4 Constructive Ways to Deal With Criticism

While the temptation to block out the unpleasant feedback is strong, we stunt our personal growth and potential by doing so.

To live and be part of a community at work, home or school means we are sometimes told truths we may not like to know or hear. We get labeled for our shortcomings and judged on our failures and mistakes. While the temptation to block out the unpleasant feedback is strong, we stunt our personal growth and potential by doing so. It’s terribly hard to be on the receiving end of disapprovals and negative appraisals but if we succeed in building our strengths and managing our weaknesses, the world can become our oyster. Below are four ways that helped me tremendously in dealing with criticism constructively. I hope they’ll help you too.

1. Take time to cool down, set boundaries and respond not react

Criticism, regardless of good or bad intention, can cut deep into our psyche. If it’s dished out in a conversation and the speaker is going overboard, set your boundaries by asking for a timeout. Explain that you heard what has been said but it is too much to digest at a go. Affirm that you would like to resume the discussion when you’re in a more receptive headspace about the subject. If the tough message is delivered via text or email, refrain from replying immediately. Take your eyes off those words, go for a walk, take a shower or do something else to refocus your thoughts on something more positive. Either case, after you’ve cooled down, strive to respond maturely instead of lashing back and trigger a vicious cycle of conflict. 

2. Focus on the points, not the tone, labels and judgement

Ideally we wish everyone is a master in communication but reality can’t be further from that. Sometimes good advice can get lost in poor choice of words or harsh tones. Other times feedback delivered with malice can contain constructive points on areas of improvement. It’s important to focus on the ideas of the message, not the tone, labels, intention of the speaker and his/her judgement. To shift your attention away from the hurt feelings and avoid wasting life wallowing in self-pity, channel your thoughts on the constructive action that can be taken from there and get cracking.

3. Use it to fuel you, not bring you down

When “assaulted” by painful facts we don’t want to face, even if it was well-meaning, the best revenge is to use the pain to fuel us forward. It’s almost humanely impossible to feel immune to criticism, especially when they’re true. That said, we can use the hurt and feelings of rejection and unworthiness to motivate us to overcome those said flaws, achieve mastery over them and flourish in life despite them. Positive change is never easy and each time you feel like throwing in the towel, recall the terrible emotions you felt when being made aware of your limitations. Tell yourself that you want to keep going because you do not want to experience that sense of defeat again.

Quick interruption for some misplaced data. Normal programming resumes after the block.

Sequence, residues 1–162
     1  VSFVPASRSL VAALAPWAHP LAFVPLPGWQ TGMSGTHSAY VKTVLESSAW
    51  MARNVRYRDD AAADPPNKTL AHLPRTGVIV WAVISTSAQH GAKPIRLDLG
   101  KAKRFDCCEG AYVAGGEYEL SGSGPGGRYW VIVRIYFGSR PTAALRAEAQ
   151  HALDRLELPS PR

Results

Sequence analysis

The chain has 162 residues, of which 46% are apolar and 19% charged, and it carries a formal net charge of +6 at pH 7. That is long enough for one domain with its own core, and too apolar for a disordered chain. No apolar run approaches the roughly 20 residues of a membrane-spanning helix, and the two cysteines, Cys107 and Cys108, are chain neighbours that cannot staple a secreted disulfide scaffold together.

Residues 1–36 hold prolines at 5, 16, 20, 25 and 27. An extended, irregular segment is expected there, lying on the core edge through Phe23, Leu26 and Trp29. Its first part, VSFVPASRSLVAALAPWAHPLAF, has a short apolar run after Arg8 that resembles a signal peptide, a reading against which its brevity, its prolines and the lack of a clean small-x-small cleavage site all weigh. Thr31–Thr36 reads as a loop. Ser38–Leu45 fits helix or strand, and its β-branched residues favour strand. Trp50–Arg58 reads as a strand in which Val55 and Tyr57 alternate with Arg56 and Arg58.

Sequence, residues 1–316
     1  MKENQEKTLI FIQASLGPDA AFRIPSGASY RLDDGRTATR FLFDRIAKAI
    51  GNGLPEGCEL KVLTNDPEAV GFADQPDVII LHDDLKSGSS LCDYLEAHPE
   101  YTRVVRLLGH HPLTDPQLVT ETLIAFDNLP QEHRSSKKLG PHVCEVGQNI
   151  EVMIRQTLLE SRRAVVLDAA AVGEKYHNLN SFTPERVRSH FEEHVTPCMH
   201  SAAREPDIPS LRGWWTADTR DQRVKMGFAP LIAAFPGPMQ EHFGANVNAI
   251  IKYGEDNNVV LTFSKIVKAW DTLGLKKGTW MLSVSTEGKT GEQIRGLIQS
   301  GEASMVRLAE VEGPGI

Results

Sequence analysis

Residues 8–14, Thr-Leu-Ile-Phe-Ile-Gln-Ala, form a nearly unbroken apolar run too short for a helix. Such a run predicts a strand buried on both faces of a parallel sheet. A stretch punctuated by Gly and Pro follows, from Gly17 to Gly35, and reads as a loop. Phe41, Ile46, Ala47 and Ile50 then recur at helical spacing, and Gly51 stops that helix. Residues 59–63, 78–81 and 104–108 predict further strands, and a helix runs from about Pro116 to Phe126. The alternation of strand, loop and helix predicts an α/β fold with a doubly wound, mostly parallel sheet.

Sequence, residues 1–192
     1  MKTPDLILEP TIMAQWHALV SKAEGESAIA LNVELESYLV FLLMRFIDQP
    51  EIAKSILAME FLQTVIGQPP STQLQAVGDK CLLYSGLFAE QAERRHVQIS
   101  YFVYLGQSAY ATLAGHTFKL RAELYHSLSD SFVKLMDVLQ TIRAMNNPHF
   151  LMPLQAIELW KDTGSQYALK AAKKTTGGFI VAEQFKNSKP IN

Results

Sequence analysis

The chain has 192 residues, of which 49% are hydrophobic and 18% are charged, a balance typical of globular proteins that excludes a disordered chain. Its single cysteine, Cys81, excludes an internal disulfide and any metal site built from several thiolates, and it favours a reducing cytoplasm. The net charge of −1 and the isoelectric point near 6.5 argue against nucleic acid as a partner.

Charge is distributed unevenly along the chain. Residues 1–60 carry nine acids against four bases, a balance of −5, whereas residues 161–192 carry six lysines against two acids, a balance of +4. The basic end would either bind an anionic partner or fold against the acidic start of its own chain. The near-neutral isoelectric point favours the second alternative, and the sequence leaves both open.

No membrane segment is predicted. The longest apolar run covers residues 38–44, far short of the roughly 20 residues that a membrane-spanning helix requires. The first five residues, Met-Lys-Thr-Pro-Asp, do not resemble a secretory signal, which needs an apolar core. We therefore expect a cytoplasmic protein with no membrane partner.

4. Understand where the speaker is coming from and shake it off wherever necessary

It’s important to understand the context behind which the opinions were formed. Well-meaning advice can come from someone with a different era, upbringing, values, priorities, aspiration and goals that are not suited to what we need or to the path we want to take. Take that into account, choose parts of the message that align with your own internal compass, and shake off the rest. Carefully toss the “irrelevant” points off in a far end of your mind but do not completely push them out of your system. Advice that feels unsuitable now might well be highly valuable when you are in a different frame of mind at a different age or life stage.

Which area of your life do you struggle the most to accept negative feedback? How do you cope with it? Share with us your thoughts and experiences in the comments below.

Sylvia Huang

Social media coach, helping new and small biz owners to grow their brand and tribe online .

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